Listed Building

The only legal part of the listing is the address/name of site. Addresses and building names may have changed since the date of listing – see ‘About Listed Buildings’ below for more information.


Status: Designated


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Group Category Details
100000019 - 263, 264
Date Added
Local Authority
Dumfries And Galloway
Planning Authority
Dumfries And Galloway
NX 97552 75692
297552, 575692


1740-2 church tower; spire contracted for in 1742 by

Alexander Fleck and Thomas Twaddel and added to previous

church; latter demolished, present church built 1744-6,

contractors Fleck and Twaddel with James Harley. All built of

red sandstone, ashlar dressings and margins.

Tower: square-plan; 4 undiminishing stages with rusticated

openings, simple pinnacles enclose base of facetted tall

(50') stone spire with lucarnes, gilded finial and cock.

Vestibule opened, and present main door probably also formed,


Church: rectangular-plan, with key-blocked round-headed

windows, piended and platformed leaded and slated roof.

2 tall W-facing lights flank tower; 2 tiers openings to

other elevations, though E wall also has 2 tall windows

flanking pulpit; 4-bay long (N and S) flanks originally

with doors in outer bays; doors nearest tower with 19th

century porches; 1869 vestry at NE enlarged 1881. Eaves

course; cornice.

Interior: divided by 2 large stone arcades into "nave and

aisles"; much altered; re-seated 1869; renovated 1881 and

timber galleries (to 3 walls) renewed; pulpit central on

each wall also probably 1881, though incorporating original

back-board pilasters and bell-cast sounding board.

Organ by Willis of London; stained glass windows; numerous

memorial wall-plaques. 1451 bell re-cast 1818 and again

1839 by Thomas Mears, London.

Statement of Special Interest

Ecclesiastical building in use as such. The Town Council had

called in William Adam who produced a scheme for a new church,

but a plan "by the Tradesmen of this place..... (produced) a considerable less charge....." was preferred. In

September 1745, lead for the roof was sold for bullets, "to

answer present necessity" ie Prince Charles Edward Stuart's

approaching the town. The original plan had proposed a triple

roof; details such as the spire ornaments were modelled on

the Dumfries New Church; and some of the piends still have

scalloped flashings.



J Paton, THE BOOK OF ST MICHAEL'S CHURCH, 1904, (with photos

and transcripts from presbytery minutes). G Hay, ARCHITECTURE


About Listed Buildings

Listing is the way that a building or structure of special architectural or historic interest is recognised by law through the Planning (Listed Buildings and Conservation Areas) (Scotland) Act 1997.

We list buildings of special architectural or historic interest using the criteria published in the Historic Environment Scotland Policy Statement.

The information in the listed building record gives an indication of the special architectural or historic interest of the listed building(s). It is not a definitive historical account or a complete description of the building(s). The format of the listed building record has changed over time. Earlier records may be brief and some information will not have been recorded.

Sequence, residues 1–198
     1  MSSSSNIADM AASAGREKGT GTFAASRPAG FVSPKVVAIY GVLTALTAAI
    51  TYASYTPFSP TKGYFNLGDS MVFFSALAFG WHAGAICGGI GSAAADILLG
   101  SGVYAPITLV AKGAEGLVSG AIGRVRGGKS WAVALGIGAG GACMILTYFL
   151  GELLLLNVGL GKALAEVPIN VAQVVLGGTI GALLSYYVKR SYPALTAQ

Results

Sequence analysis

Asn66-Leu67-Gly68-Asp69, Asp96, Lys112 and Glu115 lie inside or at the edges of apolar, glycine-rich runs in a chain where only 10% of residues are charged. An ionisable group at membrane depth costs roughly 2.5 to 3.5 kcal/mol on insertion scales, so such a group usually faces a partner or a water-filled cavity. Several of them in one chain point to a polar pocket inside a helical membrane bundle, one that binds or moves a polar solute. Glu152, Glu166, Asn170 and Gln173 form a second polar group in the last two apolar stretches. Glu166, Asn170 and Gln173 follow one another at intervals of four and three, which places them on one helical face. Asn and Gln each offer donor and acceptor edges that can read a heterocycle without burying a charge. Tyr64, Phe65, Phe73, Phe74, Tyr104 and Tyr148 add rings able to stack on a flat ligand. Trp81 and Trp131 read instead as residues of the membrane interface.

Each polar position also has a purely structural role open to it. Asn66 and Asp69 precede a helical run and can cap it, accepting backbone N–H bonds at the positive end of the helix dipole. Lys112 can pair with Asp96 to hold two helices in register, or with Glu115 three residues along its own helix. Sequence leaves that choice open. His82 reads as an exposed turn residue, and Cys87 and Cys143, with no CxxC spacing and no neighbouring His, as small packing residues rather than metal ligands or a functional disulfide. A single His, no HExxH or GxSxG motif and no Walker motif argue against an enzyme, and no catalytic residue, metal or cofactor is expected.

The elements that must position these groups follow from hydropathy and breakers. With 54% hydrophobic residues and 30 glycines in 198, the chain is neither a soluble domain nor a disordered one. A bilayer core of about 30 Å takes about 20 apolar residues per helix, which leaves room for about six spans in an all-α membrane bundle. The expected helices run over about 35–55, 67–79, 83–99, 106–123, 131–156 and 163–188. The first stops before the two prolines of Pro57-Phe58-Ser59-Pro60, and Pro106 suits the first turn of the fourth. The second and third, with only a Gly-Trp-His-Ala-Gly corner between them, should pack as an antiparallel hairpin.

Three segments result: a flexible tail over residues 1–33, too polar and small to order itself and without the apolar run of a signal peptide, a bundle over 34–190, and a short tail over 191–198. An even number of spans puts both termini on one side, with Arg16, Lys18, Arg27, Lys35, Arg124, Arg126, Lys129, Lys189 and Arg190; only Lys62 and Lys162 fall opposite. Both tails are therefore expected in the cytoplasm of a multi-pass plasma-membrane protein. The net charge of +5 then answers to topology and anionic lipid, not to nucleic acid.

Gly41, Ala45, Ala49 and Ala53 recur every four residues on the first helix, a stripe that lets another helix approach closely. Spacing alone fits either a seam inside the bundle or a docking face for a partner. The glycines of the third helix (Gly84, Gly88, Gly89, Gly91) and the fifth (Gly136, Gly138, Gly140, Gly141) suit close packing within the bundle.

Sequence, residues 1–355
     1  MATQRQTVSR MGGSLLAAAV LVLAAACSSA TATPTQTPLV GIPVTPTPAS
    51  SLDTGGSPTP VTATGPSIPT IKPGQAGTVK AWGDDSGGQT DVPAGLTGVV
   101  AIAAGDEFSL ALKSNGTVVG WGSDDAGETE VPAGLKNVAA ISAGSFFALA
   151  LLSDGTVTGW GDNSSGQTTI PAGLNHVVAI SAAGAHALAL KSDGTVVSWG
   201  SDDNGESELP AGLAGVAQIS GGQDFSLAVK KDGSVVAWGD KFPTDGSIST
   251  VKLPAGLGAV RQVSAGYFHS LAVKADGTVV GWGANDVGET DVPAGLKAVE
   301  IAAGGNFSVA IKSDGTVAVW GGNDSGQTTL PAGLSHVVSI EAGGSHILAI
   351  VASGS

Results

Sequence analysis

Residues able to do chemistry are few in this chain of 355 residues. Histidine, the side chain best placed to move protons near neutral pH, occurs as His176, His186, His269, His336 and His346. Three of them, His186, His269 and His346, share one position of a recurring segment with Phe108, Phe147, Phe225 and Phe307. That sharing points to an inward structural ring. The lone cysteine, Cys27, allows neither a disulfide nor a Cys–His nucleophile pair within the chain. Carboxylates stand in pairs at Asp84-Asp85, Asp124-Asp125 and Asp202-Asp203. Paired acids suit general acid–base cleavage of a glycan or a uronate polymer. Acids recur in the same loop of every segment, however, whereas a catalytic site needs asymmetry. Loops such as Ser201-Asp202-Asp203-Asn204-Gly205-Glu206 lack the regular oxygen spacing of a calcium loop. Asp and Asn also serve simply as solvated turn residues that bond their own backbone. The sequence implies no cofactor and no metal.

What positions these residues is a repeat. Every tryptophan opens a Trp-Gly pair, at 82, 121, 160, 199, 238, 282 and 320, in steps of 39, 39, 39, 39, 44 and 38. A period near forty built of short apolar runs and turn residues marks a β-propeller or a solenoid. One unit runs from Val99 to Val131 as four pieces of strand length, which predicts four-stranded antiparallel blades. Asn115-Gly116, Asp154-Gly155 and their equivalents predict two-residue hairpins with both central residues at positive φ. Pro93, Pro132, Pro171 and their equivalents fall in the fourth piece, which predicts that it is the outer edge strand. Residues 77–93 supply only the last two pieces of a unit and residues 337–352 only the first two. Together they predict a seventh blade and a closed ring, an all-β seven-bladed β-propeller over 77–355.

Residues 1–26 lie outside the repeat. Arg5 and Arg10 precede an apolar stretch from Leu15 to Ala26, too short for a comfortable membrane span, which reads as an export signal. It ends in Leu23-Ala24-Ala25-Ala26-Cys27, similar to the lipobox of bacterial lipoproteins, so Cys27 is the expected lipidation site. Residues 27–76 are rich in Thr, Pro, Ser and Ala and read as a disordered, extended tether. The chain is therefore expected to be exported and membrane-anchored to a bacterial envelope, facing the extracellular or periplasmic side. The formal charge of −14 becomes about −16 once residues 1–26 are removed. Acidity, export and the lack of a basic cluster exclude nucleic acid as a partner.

The only legal part of the listing is the address/name of site. Addresses and building names may have changed since the date of listing and if a number or name is missing from a listing address it may still be listed. Listing covers both the exterior and the interior and any object or structure fixed to the building. Listing can also cover structures not physically attached but which are part of the curtilage of the building, such as boundary walls, gates, gatepiers, ancillary buildings etc. The planning authority is responsible for advising on what is covered by the listing including the curtilage of a listed building. Since 1 October 2015 we have been able to exclude items from a listing. If part of a building is not listed, it will say that it is excluded in the statutory address and in the statement of special interest in the listed building record. The statement will use the word 'excluding' and quote the relevant section of the Historic Environment Scotland Act 2014. Some earlier listed building records may use the word 'excluding', but if the Act is not quoted, the record has not been revised to reflect current legislation.

If you want to alter, extend or demolish a listed building you need to contact your planning authority to see if you need listed building consent. The planning authority advises on the need for listed building consent and they also decide what a listing covers. The planning authority is the main point of contact for all applications for listed building consent.

Find out more about listing and our other designations at You can contact us on 0131 668 8716 or at


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Printed: 21/02/2019 18:51